One of the big problems with many management computer games is that, naturally, they can very easily lose the human element.
Playing against a host of computer-programmed opponents can get to be a little limiting in the end, despite the host of options the computer is able to choose from.
This is where Multi-Player Manager comes in, giving you and up to three friends the chance to really annoy each other in your quests for soccer glory.
With 64 teams to choose from all four of the English divisions, the choice is entirely up to you.
There is, of course, a thirty week season, so it's up to you to make your moves within that period, both in the League and the Cup but what a novelty it is to be able to start off four player-controlled teams in the fourth division, and see who comes out on top at the end of the day.
You can be sure there's going to be plenty of needle as each manager tries desperately to outbid the others for top players and tries to wheedle the other's strategy out of him before a local derby.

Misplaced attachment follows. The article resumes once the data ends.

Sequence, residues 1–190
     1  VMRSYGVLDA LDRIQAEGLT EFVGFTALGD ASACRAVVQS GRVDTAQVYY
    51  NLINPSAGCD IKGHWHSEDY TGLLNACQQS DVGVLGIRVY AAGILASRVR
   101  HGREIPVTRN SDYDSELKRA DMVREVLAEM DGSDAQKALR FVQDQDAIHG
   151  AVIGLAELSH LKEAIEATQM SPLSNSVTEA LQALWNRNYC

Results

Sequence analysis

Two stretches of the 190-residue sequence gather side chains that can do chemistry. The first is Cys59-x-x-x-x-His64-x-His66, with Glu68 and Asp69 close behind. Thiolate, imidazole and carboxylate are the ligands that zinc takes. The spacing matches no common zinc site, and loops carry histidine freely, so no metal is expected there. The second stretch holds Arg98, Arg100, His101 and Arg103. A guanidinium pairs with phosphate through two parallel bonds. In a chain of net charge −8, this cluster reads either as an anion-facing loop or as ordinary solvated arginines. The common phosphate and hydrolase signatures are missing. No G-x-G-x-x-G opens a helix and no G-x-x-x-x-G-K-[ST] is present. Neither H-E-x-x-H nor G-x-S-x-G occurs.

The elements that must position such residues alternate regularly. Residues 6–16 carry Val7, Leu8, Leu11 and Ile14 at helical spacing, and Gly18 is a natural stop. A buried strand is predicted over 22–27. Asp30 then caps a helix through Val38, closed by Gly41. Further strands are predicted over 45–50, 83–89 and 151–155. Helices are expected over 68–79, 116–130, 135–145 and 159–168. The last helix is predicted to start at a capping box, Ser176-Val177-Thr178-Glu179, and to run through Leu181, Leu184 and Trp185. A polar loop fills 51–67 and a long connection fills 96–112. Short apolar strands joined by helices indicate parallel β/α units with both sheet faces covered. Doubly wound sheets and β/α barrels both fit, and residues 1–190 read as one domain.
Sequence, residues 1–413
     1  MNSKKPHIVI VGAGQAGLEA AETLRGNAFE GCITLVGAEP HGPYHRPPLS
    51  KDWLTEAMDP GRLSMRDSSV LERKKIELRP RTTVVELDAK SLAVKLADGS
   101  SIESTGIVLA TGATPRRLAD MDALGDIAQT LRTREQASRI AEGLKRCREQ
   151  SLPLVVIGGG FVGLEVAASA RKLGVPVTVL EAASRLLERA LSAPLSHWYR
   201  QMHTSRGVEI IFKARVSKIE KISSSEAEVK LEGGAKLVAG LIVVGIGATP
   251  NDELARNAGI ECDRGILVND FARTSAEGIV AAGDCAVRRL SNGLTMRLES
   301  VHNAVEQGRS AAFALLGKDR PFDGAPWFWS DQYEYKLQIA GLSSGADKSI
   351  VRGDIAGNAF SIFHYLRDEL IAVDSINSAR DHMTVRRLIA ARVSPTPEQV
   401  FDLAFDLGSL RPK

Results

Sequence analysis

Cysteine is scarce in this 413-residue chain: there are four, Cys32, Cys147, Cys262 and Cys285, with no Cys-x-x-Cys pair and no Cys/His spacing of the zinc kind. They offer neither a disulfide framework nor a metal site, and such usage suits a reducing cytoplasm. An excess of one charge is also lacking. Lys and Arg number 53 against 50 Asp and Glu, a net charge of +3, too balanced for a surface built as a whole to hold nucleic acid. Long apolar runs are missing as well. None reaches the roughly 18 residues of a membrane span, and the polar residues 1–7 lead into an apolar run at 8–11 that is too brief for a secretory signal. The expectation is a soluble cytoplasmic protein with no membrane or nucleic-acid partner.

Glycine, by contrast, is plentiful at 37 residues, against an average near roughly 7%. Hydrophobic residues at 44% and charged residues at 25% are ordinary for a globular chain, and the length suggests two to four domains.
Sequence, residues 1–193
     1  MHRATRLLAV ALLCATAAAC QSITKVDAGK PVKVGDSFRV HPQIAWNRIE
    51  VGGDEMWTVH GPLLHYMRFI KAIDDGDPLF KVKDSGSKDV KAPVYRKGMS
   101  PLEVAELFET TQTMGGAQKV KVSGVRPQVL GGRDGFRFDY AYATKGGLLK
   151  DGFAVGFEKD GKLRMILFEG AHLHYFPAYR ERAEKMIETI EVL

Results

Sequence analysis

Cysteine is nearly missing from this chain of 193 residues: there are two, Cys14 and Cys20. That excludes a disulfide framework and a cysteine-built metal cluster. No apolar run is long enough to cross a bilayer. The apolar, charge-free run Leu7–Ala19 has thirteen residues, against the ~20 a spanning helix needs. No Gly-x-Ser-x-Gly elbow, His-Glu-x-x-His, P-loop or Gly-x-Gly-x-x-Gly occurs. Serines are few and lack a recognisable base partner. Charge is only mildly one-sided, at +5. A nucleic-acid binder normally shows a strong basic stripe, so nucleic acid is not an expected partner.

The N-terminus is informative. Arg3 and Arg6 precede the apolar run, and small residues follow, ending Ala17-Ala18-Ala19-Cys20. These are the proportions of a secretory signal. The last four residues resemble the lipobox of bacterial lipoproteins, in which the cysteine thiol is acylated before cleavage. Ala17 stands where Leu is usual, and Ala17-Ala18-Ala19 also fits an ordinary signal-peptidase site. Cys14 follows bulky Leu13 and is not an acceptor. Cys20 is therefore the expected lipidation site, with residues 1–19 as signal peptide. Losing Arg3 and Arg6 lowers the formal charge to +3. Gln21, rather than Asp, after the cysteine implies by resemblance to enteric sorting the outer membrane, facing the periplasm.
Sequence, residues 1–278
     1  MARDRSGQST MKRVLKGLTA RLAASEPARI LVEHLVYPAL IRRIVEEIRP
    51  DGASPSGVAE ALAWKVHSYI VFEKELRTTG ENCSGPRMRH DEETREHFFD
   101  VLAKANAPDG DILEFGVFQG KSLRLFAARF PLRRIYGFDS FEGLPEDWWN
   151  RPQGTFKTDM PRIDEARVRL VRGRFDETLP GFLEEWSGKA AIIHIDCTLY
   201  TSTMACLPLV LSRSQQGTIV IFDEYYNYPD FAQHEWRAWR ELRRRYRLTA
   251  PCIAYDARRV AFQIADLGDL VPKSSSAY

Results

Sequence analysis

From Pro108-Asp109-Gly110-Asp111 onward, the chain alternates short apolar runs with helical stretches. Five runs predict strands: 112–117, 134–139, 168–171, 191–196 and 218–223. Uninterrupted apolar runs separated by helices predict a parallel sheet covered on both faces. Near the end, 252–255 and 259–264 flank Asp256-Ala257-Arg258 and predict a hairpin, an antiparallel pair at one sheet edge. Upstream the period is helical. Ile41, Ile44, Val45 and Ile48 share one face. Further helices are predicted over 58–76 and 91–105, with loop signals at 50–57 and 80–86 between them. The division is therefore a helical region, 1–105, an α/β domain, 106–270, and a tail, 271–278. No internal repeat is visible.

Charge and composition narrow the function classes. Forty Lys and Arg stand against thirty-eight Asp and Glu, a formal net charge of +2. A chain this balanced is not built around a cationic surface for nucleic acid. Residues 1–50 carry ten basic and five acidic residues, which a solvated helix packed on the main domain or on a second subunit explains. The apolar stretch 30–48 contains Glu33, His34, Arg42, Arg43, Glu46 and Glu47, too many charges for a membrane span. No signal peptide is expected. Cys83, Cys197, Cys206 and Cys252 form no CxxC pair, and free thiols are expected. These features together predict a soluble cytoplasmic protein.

Naturally, there are hosts of options to choose from, as you'd expect from a strategy/management game, including training, scouting, injuries, wages, ground safety, vying for TV coverage, sackings and transfers, all of which need to be carefully balanced to gain success.
However, the whole affair takes on a fresh edge when you know that your opposition is in the same boat as you are, equally capable of flashes of inspiration, or of making howling mistakes.
After all, what else are cups and leagues won or lost on? If you think you know your friends' minds well, you'll soon find out just how much after a few rounds of strategy bashing together.
As with all of the D&H strategy games, the format has been well thought out, the graphics are clear and the easy-to-access icon controls make for smooth running of the game at all times.
The multi-player element should add an extra dimension to this excellent management offering but just remember to make sure the opposition is looking the other way while you are making crucial management decisions, otherwise you could find all of your hard thought out plans coming unstuck in the first few minutes of the big game.